Background: Treatment with angiotensin converting enzyme (ACE) inhibitors reduces mortality and morbidity among patients with heart failure, left-ventricular dysfunction after myocardial infarction and with hypertension. In addition, they have been shown to slow the progression of chronic kidney disease and reduce the recurrence of stroke and vascular events.
Material/methods: There has been an enormous interest in the potential cardioprotective effects of ACE inhibitors. This principle has been assessed in two landmark double blind placebo controlled clinical trials, HOPE and EUROPA. This article seeks to review and compare the important findings of these two clinical studies.
Results: In the HOPE study, ramipril once daily produced a 22% reduction in the primary composite endpoint of myocardial infarction, stroke, or cardiovascular death (P < 0.001) among an older cohort (>55 years) of patients at high risk of future cardiovascular complications. The EUROPA study assessed the effects of the ACE inhibitor perindopril in a larger group of lower risk patients with established stable cardiovascular disease. In EUROPA, once daily treatment with perindopril lead to a significant 20% relative risk reduction in the combined primary endpoint (cardiovascular mortality, non-fatal myocardial infarction, and resuscitated cardiac arrest; p = 0.0003).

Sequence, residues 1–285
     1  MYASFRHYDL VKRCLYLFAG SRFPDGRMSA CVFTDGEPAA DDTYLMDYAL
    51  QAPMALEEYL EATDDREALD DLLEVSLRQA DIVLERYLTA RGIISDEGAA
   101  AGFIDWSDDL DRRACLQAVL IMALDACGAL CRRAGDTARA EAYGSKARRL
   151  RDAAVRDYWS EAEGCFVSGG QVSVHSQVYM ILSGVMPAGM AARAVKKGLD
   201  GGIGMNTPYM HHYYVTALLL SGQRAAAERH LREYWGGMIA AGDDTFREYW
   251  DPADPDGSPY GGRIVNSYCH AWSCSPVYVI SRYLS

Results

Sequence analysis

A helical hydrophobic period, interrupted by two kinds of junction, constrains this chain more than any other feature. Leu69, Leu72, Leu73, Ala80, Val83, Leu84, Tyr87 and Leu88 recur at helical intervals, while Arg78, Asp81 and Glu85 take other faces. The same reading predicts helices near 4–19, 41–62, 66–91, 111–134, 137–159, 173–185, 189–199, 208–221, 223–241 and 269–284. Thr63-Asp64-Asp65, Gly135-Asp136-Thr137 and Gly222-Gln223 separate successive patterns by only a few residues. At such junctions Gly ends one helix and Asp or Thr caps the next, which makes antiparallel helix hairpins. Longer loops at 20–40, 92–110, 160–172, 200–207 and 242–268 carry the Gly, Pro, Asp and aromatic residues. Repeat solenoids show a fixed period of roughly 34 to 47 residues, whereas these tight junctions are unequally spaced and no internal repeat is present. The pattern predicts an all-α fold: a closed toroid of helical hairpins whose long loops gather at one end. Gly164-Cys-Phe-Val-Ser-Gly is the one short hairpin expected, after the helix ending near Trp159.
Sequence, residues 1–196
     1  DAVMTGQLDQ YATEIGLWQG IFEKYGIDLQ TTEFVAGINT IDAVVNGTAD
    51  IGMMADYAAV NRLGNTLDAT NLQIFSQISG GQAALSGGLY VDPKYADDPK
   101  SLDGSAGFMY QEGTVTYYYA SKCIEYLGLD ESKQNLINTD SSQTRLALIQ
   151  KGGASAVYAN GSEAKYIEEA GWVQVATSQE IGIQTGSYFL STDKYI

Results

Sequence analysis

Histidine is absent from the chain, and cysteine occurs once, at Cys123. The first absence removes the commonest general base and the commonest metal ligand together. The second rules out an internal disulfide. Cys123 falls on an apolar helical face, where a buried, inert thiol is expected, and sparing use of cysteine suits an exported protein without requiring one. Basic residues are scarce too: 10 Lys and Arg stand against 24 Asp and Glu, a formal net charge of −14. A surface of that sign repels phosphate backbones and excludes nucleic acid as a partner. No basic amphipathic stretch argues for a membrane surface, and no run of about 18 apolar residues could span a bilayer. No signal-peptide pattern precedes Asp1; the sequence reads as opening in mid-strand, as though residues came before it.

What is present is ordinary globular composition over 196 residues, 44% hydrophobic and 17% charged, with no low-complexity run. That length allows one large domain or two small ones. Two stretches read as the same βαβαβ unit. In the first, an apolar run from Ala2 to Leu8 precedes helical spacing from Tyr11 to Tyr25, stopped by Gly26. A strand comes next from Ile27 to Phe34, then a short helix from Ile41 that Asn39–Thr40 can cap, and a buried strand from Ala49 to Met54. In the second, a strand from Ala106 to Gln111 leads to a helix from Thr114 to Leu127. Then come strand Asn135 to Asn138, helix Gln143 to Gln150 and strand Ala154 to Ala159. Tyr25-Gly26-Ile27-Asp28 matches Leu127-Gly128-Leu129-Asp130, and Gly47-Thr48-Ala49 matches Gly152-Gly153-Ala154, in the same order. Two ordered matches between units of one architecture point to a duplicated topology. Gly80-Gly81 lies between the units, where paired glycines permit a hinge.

Conclusions: HOPE and EUROPA provide compelling evidence to suggest that all patients with evidence of stable cardiovascular disease or diabetes (plus one additional risk factor) should be treated with an ACE inhibitor.